Criticism | The Wilds: Wild Lives: in the new series of Amazon Prime Video in the style of Lost

Being a teenager in a world dominated by toxic masculinity is one of the most difficult tasks. Between social demands, unattainable beauty standards and pressures to deliver what we think are the expectations of others within us, this is one of the phases that – naturally – helps define how we see ourselves both in the world. mirror and the world. And Amazon Prime Video’s new original series, The Wilds: Wild Lives, channels all of this dense complexity that surrounds the female youth scene in order to dissect it as a true social experience.

Turning identity crises into opportunities, the production uses common themes of the genre of maturity to explain a much deeper message than expected. In a Lost vibe, the series brings a diverse and hostile group of teenagers on their way to a girls’ retreat, having faced circumstances too painful to be absorbed into the social and family context in which they are inserted. However, the journey loses its course and a plane “crash” leads them to a struggle for survival in the middle of a desert island where hope of rescue is minimal.

Presenting itself in its inaugural episode as a social experiment funded by millionaires, A Lagoa Azul’s fleeting tale is indeed surprising. Already specifying that no one here is subjected to a terrible purgatory where nothing makes sense, The Wilds does what Lost should have done: give substantial depth to the island where the protagonists are located, by making him a character as authentic as the others. It’s too early to scrutinize this premise – since we’ve only been introduced to one season, but Amazon’s original production, developed by Sarah Streicher, is already making its mark by ensuring a narrative you don’t. time to waste.

The Wilds
CR: Matt Klitscher / Amazon Studios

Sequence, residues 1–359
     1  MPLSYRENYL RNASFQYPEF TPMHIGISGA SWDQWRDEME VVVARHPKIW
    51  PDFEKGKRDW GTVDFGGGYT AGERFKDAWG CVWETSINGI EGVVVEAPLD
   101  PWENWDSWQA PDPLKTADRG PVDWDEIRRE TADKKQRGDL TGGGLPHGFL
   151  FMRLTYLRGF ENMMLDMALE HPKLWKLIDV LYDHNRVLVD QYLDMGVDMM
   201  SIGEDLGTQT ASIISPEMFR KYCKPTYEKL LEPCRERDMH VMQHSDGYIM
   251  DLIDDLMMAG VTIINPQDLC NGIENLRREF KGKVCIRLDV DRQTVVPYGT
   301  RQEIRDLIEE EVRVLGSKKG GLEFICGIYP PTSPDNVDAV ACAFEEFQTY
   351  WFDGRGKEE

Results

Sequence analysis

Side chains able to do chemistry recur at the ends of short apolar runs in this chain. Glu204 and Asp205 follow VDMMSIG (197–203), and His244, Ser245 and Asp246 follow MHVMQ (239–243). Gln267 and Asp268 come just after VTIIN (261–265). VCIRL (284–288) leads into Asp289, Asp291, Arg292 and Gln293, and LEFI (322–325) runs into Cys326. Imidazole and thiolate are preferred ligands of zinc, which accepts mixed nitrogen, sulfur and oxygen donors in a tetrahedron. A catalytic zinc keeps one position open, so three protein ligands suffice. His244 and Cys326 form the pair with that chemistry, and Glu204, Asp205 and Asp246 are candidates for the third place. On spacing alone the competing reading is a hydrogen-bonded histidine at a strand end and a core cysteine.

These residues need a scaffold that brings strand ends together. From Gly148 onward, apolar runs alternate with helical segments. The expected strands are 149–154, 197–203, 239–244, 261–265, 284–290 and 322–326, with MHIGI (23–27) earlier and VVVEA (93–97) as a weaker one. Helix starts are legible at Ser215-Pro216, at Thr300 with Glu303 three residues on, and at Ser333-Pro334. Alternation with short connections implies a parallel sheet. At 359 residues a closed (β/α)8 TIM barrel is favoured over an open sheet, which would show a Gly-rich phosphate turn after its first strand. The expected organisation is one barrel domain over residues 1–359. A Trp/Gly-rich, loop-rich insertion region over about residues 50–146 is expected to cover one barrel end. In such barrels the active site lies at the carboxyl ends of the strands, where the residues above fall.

Pressed to tell their story and engage audiences, the series brings an absolutely feminine plot, which explores the evils of adolescence through the eyes of girls who have been – in one way or another – subjugated and , therefore, traumatized. With special circumstances that exploit pains that are not at all juvenile, The Wilds deepens the development of its protagonists and quickly captures our attention, intriguing us to want to know more and more about the struggles that each faced before the when he arrived at the island.

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Betting on a cast of very young and unknown actresses, the Amazon series manages to balance the dramatic background of its protagonists against a context of madness that gives good scenes of tension. With genuinely good performances helping to keep production levels still high, production is a delightful surprise for the end of 2020. Inevitably addressing issues such as social isolation and its consequences on human behavior, The Wilds is electrifying. and able to stop. our attention, because it captivates us with the identifiable and sensitive stories of girls who – long before – were already struggling to try to survive in a rocky jungle.

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